The effects of a lifestyle intervention program on physical outcomes, depression, and quality of life in adults with metabolic syndrome: A randomized clinical trial

Qun Wang, Sek Ying Chair, Mi Ling Eliza Wong

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25 Citations (Scopus)


� 2016 Elsevier Ireland Ltd Background/objectives Lifestyle modification is recommended as the primary intervention for metabolic syndrome (MetS). The study was to examine the effects of a lifestyle intervention program (LIP) on physical outcomes, depression, and quality of life (QoL) in Chinese adults with MetS. Methods A randomized control trial design was used. A three-month LIP guided by the Health Promotion Model was developed, including a lifestyle modification booklet, one session of discharge education, and six telephone follow-ups. Patients with MetS were recruited from the inpatient departments of a hospital and were randomized to receive either the LIP or usual care. The physical outcomes, depression (Depression subscale of Hospital Anxiety and Depression Scale), and QoL (Medical Outcome Study Short Form-12, SF-12) were measured at baseline, one-month (T1) and three-month (T2). The effects of the LIP were examined by the generalized estimating equation (GEE) model. Results The study recruited 173 participants, with 86 in the intervention group and 87 in the control. Continuous improvements were observed in all the study outcomes in the intervention group. The GEE model revealed significant improvements in body weight (T1: p�=�0.017, T2: p�=�0.007), body mass index (T1: p�=�0.015, T2: p�=�0.009), depression (T1: p�=�0.027, T2: p�<�0.001), and physical aspects of QoL at T2 (p�=�0.02). Conclusions The current LIP was effective in losing body weight, improving depression and QoL of MetS populations in three-month observation. Considering its low-cost and convenience, the LIP could be applied in clinical practice to improve patient outcomes.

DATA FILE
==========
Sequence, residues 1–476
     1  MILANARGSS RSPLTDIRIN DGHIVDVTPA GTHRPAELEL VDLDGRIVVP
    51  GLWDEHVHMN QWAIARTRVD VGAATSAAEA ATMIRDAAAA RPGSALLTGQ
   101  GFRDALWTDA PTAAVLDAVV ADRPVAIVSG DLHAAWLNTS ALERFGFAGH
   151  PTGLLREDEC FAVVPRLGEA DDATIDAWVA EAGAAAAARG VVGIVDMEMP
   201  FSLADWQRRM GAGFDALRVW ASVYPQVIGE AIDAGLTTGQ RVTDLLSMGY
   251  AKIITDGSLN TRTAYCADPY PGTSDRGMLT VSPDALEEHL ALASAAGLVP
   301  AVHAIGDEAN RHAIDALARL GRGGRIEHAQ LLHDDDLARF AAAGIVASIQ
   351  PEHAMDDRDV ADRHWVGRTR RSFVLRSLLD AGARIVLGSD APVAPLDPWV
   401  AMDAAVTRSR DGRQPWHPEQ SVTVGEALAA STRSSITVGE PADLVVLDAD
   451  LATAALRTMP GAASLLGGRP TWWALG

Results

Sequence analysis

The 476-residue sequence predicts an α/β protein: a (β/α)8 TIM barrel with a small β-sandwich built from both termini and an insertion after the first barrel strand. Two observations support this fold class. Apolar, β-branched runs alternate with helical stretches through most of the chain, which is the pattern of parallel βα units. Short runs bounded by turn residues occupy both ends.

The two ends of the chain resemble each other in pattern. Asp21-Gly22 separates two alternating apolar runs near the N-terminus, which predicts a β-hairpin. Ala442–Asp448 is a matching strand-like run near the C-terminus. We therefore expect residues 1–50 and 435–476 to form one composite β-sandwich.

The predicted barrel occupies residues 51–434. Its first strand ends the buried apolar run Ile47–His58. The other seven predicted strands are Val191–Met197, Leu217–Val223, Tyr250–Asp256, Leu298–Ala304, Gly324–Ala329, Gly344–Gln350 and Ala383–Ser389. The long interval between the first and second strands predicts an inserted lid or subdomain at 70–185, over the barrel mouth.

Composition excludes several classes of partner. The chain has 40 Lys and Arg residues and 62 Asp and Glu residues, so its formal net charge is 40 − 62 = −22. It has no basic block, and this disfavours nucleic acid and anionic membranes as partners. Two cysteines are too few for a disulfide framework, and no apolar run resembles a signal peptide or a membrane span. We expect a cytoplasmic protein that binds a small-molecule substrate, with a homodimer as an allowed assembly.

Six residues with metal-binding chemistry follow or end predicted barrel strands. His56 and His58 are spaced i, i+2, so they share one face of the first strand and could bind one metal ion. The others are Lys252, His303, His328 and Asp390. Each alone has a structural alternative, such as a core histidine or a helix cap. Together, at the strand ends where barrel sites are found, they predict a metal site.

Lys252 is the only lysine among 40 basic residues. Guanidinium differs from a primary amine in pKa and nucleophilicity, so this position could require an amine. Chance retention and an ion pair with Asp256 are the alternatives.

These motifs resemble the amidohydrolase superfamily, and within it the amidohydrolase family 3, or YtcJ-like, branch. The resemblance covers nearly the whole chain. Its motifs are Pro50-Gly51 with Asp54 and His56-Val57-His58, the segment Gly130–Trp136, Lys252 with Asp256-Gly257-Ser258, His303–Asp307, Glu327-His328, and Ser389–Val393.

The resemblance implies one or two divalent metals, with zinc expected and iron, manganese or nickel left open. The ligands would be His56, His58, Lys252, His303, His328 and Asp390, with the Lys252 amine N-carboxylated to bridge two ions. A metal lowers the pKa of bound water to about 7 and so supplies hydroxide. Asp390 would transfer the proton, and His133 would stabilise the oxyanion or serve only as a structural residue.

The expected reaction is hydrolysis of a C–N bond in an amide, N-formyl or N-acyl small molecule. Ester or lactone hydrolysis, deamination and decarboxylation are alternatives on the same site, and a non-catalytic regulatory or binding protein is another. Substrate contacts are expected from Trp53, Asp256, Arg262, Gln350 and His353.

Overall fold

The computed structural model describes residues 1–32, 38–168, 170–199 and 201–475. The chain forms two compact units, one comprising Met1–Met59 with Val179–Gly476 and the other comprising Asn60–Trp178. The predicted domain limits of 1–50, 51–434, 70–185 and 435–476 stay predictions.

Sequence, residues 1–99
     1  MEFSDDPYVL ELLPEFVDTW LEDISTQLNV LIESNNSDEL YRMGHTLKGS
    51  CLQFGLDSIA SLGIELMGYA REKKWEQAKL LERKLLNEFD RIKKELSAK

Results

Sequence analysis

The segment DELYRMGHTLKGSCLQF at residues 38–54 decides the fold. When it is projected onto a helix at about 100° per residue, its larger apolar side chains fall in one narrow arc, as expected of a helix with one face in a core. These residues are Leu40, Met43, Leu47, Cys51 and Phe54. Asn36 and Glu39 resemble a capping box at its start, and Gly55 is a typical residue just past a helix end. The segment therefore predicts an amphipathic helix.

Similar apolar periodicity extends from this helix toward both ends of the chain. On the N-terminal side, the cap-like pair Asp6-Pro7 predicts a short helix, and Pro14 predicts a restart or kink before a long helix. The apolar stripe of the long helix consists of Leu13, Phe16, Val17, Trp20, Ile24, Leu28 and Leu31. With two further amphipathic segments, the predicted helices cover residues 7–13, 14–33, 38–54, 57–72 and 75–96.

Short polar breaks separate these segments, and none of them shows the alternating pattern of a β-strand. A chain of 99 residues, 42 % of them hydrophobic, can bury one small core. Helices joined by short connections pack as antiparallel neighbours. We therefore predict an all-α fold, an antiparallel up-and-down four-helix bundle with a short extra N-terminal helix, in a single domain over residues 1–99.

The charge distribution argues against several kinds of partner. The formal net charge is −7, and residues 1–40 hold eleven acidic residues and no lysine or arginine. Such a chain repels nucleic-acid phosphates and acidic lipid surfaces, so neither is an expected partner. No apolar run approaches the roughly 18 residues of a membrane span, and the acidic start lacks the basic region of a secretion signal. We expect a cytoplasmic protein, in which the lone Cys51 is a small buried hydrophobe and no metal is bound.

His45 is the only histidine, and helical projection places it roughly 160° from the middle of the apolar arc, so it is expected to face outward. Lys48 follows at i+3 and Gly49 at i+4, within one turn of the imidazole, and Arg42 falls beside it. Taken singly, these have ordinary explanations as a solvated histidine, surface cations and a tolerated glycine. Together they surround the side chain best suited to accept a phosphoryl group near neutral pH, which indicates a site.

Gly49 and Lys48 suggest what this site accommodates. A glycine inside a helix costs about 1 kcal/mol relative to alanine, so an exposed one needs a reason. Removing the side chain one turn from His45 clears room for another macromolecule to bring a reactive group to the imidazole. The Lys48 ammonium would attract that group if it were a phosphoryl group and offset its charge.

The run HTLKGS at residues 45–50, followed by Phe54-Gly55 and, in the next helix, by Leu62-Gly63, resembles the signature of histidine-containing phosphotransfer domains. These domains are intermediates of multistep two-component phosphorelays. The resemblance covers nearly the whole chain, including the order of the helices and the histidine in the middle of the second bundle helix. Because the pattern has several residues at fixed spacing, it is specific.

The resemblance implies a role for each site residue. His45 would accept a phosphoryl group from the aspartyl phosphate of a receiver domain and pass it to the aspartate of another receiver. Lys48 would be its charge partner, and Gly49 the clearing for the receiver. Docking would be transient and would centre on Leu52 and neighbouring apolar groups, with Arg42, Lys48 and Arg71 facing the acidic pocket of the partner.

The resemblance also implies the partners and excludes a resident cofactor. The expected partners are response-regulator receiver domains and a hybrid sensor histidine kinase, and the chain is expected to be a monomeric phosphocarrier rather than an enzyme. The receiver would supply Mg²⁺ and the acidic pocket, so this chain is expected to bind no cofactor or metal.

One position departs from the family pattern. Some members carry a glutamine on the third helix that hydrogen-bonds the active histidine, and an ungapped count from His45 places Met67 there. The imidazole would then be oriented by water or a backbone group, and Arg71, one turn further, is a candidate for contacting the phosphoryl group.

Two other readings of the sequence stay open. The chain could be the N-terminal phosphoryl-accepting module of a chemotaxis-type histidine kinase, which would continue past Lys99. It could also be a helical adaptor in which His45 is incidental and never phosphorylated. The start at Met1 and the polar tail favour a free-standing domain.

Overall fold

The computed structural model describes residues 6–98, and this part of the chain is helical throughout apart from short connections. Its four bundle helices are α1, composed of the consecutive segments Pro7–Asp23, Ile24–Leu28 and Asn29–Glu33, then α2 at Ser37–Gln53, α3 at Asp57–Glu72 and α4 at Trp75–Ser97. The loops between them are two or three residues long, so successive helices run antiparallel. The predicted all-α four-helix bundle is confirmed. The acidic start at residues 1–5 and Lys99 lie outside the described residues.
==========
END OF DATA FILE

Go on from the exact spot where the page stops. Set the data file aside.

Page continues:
Original languageEnglish
Pages (from-to)461-467
Number of pages7
JournalInternational Journal of Cardiology
Publication statusPublished - 1 Mar 2017
Externally publishedYes


  • Body weight
  • Depression
  • Lifestyle intervention
  • Metabolic syndrome
  • Quality of life

ASJC Scopus subject areas

  • Cardiology and Cardiovascular Medicine

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